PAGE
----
During the six months ended October 31, 2017 and 2016, we made payments to acquire franchisee and competitor businesses totaling $27.5 million and $36.2 million, respectively.
Amortization of intangible assets for the three and six months ended October 31, 2017 was $19.4 million and $38.7 million, respectively. Amortization for the three and six months ended October 31, 2016 was $20.1 million and $38.0 million, respectively. Estimated amortization of intangible assets for fiscal years 2018, 2019, 2020, 2021 and 2022 is $76.0 million, $61.1 million, $44.8 million, $30.5 million and $20.2 million, respectively.

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NOTE 5: LONG-TERM DEBT
The components of long-term debt are as follows:
 
 
 
 
 
 
(in 000s)

As of
 
October 31, 2017

 
October 31, 2016

 
April 30, 2017

Senior Notes, 4.125%, due October 2020
 
$
650,000

 
$
650,000

 
$
650,000

Senior Notes, 5.500%, due November 2022
 
500,000

 
500,000

 
500,000

Senior Notes, 5.250%, due October 2025
 
350,000

 
350,000

 
350,000

Committed line of credit borrowings
 

 
475,000

 

Capital lease obligation
 
6,125

 
7,024

 
6,610

Debt issuance costs and discounts
 
(11,293
)
 
(13,915
)
 
(12,612
)
 
 
1,494,832

 
1,968,109

 
1,493,998

Less: Current portion
 
(1,004
)
 
(903
)
 
(981
)
 
 
$
1,493,828

 
$
1,967,206

 
$
1,493,017

 
 
 
 
 
 
 
On September 22, 2017, we entered into a Second Amended and Restated Credit and Guarantee Agreement (2017 CLOC), which further amended our First Amended and Restated Credit and Guarantee Agreement (2016 CLOC), extending the scheduled maturity date from September 22, 2021 to September 22, 2022. Other material terms remain unchanged from the 2016 CLOC. The 2017 CLOC provides for an unsecured senior revolving credit facility in the aggregate principal amount of $2.0 billion, which includes a $200.0 million sublimit for swingline loans and a $50.0 million sublimit for standby letters of credit. We may request increases in the aggregate principal amount of the revolving credit facility of up to $500.0 million, subject to obtaining commitments from lenders and meeting certain other conditions. The 2017 CLOC will mature on September 22, 2022, unless extended pursuant to the terms of the 2017 CLOC, at which time all outstanding amounts thereunder will be due and payable. The 2017 CLOC includes an annual facility fee, which will vary depending on our then current credit ratings.
The 2017 CLOC is subject to various conditions, triggers, events or occurrences that could result in earlier termination and contains customary representations, warranties, covenants and events of default, including, without limitation: (1) a covenant requiring the Company to maintain a debt-to-EBITDA ratio calculated on a consolidated basis of no greater than (a) 3.50 to 1.00 as of the last day of each fiscal quarter ending on April 30, July 31, and October 31 of each year and (b) 4.50 to 1.00 as of the last day of each fiscal quarter ending on January 31 of each year; (2) a covenant requiring us to maintain an interest coverage ratio (EBITDA-to-interest expense) calculated on a consolidated basis of not less than 2.50 to 1.00 as of the last date of any fiscal quarter; and (3) covenants restricting our ability to incur certain additional debt, incur liens, merge or consolidate with other companies, sell or dispose of assets (including equity interests), liquidate or dissolve, engage in certain transactions with affiliates or enter into certain restrictive agreements. The 2017 CLOC includes provisions for an equity cure which could potentially allow us to independently cure certain defaults. Proceeds under the 2017 CLOC may be used for working capital needs or for other general corporate purposes. We were in compliance with these requirements as of October 31, 2017.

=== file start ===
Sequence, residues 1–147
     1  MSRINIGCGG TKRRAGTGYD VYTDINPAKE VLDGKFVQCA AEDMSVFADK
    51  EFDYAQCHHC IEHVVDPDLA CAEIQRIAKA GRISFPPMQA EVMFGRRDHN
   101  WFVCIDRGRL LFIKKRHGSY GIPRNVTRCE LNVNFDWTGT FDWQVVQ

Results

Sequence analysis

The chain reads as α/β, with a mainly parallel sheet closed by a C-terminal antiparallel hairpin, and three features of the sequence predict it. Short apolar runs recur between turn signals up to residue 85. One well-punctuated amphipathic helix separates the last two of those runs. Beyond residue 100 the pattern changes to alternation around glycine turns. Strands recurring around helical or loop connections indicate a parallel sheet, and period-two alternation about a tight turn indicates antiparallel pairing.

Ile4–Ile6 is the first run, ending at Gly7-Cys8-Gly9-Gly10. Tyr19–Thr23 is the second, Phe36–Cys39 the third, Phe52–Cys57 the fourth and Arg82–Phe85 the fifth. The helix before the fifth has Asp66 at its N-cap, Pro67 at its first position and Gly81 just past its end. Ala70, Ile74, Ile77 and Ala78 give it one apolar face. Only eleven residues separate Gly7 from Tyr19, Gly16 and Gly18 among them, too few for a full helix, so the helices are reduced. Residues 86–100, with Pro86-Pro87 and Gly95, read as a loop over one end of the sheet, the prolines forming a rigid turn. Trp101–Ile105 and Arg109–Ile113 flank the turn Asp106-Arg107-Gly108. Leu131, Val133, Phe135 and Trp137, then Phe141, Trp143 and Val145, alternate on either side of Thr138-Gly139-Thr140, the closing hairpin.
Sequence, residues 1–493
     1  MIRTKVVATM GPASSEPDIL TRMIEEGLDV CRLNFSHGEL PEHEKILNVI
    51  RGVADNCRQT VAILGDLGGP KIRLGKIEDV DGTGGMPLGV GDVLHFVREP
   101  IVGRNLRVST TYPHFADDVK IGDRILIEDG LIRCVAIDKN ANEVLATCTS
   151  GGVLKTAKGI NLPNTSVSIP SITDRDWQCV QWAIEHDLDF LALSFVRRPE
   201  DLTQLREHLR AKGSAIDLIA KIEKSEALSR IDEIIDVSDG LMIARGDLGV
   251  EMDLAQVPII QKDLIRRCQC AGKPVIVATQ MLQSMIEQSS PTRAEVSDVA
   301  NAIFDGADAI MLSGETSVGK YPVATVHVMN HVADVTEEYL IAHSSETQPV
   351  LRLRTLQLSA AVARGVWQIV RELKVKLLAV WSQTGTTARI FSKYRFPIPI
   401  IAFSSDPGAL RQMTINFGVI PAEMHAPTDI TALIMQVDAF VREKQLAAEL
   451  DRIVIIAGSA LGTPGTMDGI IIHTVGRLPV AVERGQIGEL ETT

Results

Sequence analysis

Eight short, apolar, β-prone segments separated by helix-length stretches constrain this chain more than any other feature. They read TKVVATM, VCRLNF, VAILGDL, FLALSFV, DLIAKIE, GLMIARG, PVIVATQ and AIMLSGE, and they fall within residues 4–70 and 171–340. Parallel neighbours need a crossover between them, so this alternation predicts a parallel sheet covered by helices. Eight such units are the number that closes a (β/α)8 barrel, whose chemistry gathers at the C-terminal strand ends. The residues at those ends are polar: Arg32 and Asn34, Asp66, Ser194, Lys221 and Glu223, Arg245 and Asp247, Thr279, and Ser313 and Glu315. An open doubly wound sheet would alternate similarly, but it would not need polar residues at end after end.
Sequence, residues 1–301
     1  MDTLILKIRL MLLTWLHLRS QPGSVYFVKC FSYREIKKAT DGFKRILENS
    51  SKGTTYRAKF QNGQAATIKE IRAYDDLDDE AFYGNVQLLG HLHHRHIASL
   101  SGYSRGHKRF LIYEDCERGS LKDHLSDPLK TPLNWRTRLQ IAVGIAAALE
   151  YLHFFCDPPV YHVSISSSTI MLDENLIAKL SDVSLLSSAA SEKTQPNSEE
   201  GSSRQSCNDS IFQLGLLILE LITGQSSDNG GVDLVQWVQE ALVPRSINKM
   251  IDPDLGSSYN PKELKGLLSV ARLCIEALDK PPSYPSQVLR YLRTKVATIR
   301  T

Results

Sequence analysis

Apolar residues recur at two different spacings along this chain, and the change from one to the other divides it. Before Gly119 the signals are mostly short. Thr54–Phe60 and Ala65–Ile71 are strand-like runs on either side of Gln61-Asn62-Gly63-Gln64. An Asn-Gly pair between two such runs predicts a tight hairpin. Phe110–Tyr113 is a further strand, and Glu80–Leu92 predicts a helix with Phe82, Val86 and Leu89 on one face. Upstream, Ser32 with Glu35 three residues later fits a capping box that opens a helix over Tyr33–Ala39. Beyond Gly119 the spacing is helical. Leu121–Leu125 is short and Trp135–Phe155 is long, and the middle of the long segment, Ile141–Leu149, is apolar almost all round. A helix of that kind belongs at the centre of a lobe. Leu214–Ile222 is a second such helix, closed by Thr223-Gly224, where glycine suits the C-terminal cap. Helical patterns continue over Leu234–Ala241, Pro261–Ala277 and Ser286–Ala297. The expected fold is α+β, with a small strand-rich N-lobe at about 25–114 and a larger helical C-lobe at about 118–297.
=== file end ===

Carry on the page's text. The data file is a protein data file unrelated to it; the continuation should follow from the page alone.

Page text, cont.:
We had no outstanding balance under the 2017 CLOC as of October 31, 2017, and amounts available to borrow were limited by the debt-to-EBITDA covenant to approximately $1.5 billion as of October 31, 2017. We began borrowing on our 2017 CLOC in November for seasonal working capital needs.

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NOTE 6: FAIR VALUE
ESTIMATED FAIR VALUE OF FINANCIAL INSTRUMENTS – The carrying amounts and estimated fair values of our financial instruments are as follows:
(in 000s)
 
As of
 
October 31, 2017
 
October 31, 2016
 
April 30, 2017
 
 
Carrying
Amount

 
Estimated
Fair Value

 
Carrying
Amount

 
Estimated
Fair Value

 
Carrying
Amount

 
Estimated
Fair Value

Assets:
 
 
 
 
 
 
 
 
 
 
 
 
Cash and cash equivalents
 
$
180,997

 
$
180,997

 
$
232,510

 
$
232,510

 
$
1,011,331

 
$
1,011,331

Cash and cash equivalents - restricted
 
100,665

 
100,665

 
109,538

 
109,538

 
106,208

 
106,208

Receivables, net - short-term
 
77,750

 
77,750

 
104,764

 
104,764

 
162,775

 
162,775

Receivables, net - long-term
 
62,549

 
62,549

 
56,238

 
56,238

 
52,898

 
52,898

Liabilities:
 
 
 
 
 
 
 
 
 
 
 
 
Long-term debt (excluding debt issuance costs)
 
1,502,654

 
1,606,583

 
1,968,109

 
2,067,234

 
1,502,735

 
1,569,033

Contingent consideration
 
10,145

 
10,145

 
7,817

 
7,817

 
10,428

 
10,428

 
 
 
 
 
 
 
 
 
 
 
 
 
Fair value estimates, methods and assumptions are set forth below. Fair value was not estimated for assets and liabilities that are not considered financial instruments.
Cash and cash equivalents, including restricted - Fair value approximates the carrying amount (Level 1).
Receivables, net - short-term - For short-term balances the carrying values reported in the balance sheet approximate fair market value due to the relative short-term nature of the respective instruments (Level 1).